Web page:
Tuning at La Costa

Yesterday I went out for a spin at Rancho La Costa Preserve. It was a pretty sweet day to be out on a bike. In addition to getting in some exercise I was planning on tuning up my suspension.

Climbing up the Vista Del Mar trail

I have been very much an “under-adjuster” when it comes to suspension. I tend to set it once and forget it. The latest bike I have has a cane creek DB Inline Air shock which has both high and low speed compression and rebound adjustments. The Fox Float Air fork also has plenty of adjustments. I had recently had both serviced/overhauled and I going to be more systematic about tuning them and recording the setup.

SDMBA Bike Care station!

My shock actually has a companion app to help you tune and record your settings. On a previous outting I had set the shock up and recorded those settings. My focus on this day was going to be on the fork. I started with using a small digital tire pressure gauge to get accurate readings of my tire pressure. I’m planning on keeping this in my camelbak so I can reliably check my pressure at anytime. I took a shock pump with me and over the course of the first half of the ride I tweaked the pressure of the fork’s air pressure several times. I was a bit surprised what just a little bit of pressure change can do for getting that plush feeling and typical small terrain stuff while not easily bottoming out.

The view from the top.

Plushness was what I was really looking for over handling big hits. I just did not want it to dramatically dive while braking. I have been struggling with tendonitis in my elbows for several years so plushness (or is supple the right term?) on the front of the bike is what I’m looking for.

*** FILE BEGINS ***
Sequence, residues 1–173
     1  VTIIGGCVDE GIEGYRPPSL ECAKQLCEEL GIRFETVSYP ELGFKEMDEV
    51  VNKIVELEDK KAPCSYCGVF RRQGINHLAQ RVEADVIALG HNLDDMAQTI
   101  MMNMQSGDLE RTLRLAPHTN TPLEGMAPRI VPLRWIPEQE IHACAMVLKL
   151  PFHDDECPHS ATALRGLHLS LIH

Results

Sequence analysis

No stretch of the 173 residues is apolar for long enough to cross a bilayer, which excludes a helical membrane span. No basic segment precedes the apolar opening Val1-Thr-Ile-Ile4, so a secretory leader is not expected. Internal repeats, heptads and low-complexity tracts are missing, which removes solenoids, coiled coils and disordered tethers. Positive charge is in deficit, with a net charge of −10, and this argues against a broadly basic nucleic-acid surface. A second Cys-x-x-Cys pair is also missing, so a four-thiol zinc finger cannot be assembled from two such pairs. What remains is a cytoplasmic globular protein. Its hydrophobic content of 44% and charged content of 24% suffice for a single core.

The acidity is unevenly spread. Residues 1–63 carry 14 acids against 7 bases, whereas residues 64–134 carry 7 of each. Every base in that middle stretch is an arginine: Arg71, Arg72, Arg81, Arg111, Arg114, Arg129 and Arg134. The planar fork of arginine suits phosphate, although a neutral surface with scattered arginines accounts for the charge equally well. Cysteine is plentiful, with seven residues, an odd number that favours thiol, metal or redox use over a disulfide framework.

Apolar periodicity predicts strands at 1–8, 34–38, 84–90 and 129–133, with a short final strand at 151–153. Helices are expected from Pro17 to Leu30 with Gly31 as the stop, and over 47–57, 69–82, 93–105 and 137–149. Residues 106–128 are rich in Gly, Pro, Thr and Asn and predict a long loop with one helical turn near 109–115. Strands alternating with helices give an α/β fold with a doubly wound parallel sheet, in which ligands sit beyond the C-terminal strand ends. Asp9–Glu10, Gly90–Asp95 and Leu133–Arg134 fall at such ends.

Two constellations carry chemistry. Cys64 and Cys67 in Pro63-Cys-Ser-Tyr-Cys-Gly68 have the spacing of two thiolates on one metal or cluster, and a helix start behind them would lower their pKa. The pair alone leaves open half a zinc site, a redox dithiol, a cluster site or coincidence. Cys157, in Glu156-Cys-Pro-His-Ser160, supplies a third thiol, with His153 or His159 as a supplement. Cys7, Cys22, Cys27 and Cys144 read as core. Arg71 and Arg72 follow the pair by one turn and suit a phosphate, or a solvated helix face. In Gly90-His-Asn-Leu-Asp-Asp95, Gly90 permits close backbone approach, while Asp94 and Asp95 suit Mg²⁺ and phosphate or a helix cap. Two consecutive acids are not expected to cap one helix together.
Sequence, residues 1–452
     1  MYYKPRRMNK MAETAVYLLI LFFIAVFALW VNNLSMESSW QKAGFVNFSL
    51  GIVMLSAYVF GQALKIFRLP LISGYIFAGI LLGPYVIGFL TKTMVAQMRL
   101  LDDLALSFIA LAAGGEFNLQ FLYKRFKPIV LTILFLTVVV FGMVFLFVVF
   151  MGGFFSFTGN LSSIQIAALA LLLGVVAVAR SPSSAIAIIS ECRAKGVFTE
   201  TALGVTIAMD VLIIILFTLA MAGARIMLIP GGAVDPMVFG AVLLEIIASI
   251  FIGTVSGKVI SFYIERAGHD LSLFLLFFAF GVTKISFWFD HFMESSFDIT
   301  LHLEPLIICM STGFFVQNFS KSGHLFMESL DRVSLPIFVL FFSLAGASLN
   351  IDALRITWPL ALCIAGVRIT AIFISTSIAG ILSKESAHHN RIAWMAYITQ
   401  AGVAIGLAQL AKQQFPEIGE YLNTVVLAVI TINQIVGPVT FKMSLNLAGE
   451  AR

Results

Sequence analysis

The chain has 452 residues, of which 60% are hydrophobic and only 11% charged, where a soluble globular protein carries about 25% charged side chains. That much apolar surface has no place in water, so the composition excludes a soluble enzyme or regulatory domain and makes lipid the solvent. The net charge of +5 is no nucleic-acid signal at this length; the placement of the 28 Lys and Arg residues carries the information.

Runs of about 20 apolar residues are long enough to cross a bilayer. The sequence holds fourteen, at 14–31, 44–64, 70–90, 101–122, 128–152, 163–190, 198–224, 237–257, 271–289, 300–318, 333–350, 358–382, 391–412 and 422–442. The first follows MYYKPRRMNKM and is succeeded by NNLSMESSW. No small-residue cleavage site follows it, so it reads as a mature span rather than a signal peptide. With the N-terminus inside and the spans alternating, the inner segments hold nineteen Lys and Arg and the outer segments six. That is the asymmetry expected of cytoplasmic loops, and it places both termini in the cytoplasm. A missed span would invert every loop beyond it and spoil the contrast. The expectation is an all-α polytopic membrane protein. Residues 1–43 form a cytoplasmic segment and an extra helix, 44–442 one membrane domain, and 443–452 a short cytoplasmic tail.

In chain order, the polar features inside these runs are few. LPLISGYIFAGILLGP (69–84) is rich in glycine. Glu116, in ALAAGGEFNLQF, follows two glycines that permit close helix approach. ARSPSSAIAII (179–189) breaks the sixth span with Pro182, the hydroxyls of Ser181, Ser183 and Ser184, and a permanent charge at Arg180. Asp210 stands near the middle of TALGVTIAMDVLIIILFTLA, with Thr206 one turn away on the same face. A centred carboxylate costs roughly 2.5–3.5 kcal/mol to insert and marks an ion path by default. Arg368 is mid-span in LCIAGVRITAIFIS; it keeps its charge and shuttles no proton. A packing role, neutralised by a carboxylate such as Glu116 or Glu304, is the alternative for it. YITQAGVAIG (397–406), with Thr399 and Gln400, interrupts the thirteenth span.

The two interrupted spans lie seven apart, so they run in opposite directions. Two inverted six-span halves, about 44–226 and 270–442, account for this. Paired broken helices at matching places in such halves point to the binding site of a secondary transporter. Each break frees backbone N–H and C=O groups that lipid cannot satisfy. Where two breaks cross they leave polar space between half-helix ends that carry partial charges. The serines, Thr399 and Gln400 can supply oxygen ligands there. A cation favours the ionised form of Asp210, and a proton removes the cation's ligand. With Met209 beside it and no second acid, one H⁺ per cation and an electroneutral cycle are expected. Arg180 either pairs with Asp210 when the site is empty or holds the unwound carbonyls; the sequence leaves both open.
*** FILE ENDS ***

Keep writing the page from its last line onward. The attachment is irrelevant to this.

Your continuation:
I went up Vista Del Mar, down the backside to Copper Creek, up to the water tower where I snooped around a bit before dropping back down to Copper Creek. I connected back up with Vista Del Mar and climbed back up to the top. At this point I felt I had the front end dialed for what I wanted. The optest was let things go for the run down the switchbacks trail. I’m pretty happy with the results as does not brake dive to much and the small rock chatter is very well damped. Now that the front is down, I will probably further tweak the rear.

There was a whole lot of geeking out with numbers on this ride, but it was still a great day to be out on a bike.

A Shocking New Toy

Time to tinker with the bike so I’m trying a new shock out.  My Intense 6.6 has been a really killer bike so far and it has played a part in helping me to push myself.  I have been getting more comfortable getting the bike in the air lately.   I am at the point with my Fox RP23 air shock on my bike that when I put enough air to keep from bottoming out harshly on larger jumps,  I loose small bump compliance.   Time to try out a coil shock.  Enter the Cane Creek Double Barrel.


This is going to add some weight to the bike, but at this point, I got more than a couple of pounds of beer reserves around my belly to be more concerned about.   Why not a Fox DHX Air?  Well I rode a 6.6 with a DHX-Air for a few months and the difference between the RP23 and the DHX Air on the 6.6 just did not seem to be all that much all things being considered.   I got a steel spring on the CCDB for now.  I just could not see dropping the cash on a Ti-Spring until I know for sure what spring rate coil is going to work for me.  One bummer is that I’m heading out of town for a couple of weeks and will not be able to test it out until I return.  But man, does it look prudy!